I knew a young man who accidently killed himself with a .380 ACP loaded into the chamber of a .357 revolver. He just wanted to see if a cylinder full of .380 would fit. They did.

When he went to not so carefully eject the loaded cartridges, the extractor star evidently rode over one (or all) of the rimless rounds, one of which (unbeknownst to him) remained in its chamber. He most likely simply tipped the revolver skyward, cylinder open, and rapped the ejector rod. This, combined with gravity, caused 5 of 6 rounds to fall out.

A few moments later, for unknown reasons, he was staring directly down the muzzle while cycling the revolver.

Bang. The .380 bullet entered above his eyebrow and exited the opposite side temple. DRT...in a room full of friends just returned from an afternoon of shooting, and now drinking beer and watching a ballgame on the television while cleaning weapons.

A lot of safety takeaways from that one.

In answer to the original question: As long as the shorter .380 rounds are rearmost in the chamber of a .38/.357 revolver, the firing pin can detonate the primer. The bullet is perfectly capable of launching down the roughly same sized bore. Accuracy will suffer.
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Old April 24, 2009, 02:43 PM   #10
Jim Watson
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The practical answer is no.

The cost no object, results no object answer is yes.
Mill the cylinder for moon clips. (There is not enough room for the thickness of the clip and the rim.)
Make moon clips (A 9mm P clip will not retain a .380, maybe well enough to fire if you juggled everything in place, but not securely enough for carry and loading.)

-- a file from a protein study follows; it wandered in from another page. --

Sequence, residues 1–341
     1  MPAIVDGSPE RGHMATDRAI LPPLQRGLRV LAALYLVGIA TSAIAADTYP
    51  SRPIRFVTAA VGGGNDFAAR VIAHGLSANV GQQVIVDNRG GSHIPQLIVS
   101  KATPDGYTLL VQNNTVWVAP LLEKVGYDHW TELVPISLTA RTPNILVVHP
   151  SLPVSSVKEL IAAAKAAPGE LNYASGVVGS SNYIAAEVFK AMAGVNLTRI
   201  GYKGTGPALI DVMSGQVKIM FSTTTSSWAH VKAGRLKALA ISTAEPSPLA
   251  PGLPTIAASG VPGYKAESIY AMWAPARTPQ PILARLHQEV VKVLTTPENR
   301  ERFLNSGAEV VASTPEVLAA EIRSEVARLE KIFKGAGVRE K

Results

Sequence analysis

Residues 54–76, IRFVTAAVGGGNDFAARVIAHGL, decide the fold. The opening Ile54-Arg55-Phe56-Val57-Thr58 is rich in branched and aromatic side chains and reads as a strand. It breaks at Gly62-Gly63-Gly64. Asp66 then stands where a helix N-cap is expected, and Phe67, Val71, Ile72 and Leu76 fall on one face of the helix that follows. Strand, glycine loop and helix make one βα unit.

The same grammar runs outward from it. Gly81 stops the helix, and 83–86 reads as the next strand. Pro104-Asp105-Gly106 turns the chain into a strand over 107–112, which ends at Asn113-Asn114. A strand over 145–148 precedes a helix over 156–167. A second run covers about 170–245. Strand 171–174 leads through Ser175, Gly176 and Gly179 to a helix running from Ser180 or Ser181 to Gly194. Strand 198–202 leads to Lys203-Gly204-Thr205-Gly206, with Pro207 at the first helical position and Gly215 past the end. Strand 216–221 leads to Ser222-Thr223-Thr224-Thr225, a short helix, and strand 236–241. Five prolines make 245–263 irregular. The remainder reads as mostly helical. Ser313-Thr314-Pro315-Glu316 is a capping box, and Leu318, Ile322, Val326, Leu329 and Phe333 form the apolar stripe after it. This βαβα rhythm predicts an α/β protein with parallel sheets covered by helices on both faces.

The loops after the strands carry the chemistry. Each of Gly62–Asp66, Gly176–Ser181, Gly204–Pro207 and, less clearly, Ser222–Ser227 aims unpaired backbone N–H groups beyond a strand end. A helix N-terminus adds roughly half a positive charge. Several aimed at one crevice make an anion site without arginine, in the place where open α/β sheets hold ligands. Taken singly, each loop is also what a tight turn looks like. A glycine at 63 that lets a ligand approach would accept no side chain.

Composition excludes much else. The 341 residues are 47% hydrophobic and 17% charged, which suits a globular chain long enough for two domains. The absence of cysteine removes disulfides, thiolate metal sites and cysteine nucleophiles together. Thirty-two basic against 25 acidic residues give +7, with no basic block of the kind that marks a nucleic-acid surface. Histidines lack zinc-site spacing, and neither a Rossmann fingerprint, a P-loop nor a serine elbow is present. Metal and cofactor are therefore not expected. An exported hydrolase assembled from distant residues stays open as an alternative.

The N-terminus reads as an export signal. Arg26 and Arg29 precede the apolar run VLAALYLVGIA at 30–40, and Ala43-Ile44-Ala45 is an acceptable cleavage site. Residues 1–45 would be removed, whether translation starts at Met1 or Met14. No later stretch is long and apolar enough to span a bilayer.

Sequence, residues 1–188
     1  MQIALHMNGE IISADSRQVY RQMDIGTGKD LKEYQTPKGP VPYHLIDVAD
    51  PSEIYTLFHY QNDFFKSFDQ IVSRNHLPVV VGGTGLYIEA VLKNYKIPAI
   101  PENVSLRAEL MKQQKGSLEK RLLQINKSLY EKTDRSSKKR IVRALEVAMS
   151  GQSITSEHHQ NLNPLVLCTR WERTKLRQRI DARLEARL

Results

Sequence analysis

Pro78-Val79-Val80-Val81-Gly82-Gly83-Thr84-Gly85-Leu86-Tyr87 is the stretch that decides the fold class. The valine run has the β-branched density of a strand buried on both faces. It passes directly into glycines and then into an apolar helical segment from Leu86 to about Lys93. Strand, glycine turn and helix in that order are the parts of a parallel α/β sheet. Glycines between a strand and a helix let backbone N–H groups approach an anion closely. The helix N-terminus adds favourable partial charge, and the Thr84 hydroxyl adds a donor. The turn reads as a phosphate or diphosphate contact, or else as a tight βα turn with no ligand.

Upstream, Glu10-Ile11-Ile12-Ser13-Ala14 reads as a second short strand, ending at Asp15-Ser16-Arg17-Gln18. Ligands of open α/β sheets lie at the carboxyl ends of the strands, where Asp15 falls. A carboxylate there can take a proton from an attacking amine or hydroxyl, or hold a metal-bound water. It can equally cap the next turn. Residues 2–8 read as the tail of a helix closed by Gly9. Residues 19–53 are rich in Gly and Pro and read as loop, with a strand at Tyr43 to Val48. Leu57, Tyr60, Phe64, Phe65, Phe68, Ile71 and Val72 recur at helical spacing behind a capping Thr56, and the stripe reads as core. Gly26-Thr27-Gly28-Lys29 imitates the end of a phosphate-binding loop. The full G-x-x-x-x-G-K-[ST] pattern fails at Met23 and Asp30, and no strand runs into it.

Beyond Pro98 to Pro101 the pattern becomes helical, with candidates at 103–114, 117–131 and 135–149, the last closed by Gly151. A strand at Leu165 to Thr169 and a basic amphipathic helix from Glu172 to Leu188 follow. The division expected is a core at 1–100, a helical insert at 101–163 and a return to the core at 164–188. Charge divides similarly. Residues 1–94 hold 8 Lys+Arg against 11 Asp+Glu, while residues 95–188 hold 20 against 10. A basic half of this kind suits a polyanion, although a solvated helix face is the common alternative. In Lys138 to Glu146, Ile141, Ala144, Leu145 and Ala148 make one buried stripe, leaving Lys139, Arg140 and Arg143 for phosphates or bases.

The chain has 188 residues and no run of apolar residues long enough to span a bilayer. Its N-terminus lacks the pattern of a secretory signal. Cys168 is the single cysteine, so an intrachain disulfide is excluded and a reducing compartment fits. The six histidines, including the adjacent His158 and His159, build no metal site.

Put up with the inefficiencies of a short undersized round firing a short undersized bullet down the long cylinder.
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Old April 24, 2009, 02:44 PM   #11
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it works in a 940, I assume it would in a SP101 in 9mm. Not in a .38.

Ammo's not that rare and expensive yet...
is it?
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Old April 24, 2009, 06:49 PM   #12
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Don't ask why, ask why not.
My S&W 360J is rechambered for 9x23. I can shoot 9x23, 9x21, 356TSW, 9x19, and, in a pinch, .380.

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Old April 24, 2009, 07:21 PM   #13
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WC145 - I don't quite see how your revolver answers the question of .380 ACP in a .38 Special revolver.
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Old April 24, 2009, 09:10 PM   #14
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A .38 Super will run through a .357 mag. Just have to be careful when kicking out the empties with the semi-rimless Super.
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Old April 26, 2009, 09:49 AM   #15
harry carey